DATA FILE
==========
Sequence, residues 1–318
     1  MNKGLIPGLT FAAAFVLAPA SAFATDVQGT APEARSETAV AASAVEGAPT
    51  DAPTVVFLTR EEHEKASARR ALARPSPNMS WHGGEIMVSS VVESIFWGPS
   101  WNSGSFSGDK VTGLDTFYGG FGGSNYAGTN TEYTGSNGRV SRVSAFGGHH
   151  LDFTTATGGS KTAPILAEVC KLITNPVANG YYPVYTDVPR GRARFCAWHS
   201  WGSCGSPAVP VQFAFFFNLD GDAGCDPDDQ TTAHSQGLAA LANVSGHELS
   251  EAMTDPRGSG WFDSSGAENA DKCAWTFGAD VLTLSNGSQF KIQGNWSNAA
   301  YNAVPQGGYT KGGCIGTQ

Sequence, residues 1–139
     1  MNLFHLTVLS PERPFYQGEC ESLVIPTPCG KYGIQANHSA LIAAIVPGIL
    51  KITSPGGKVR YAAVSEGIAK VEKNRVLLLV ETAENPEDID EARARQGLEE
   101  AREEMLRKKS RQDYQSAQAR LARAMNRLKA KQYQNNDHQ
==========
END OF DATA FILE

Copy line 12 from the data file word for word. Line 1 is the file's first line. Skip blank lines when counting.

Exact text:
   101  AREEMLRKKS RQDYQSAQAR LARAMNRLKA KQYQNNDHQ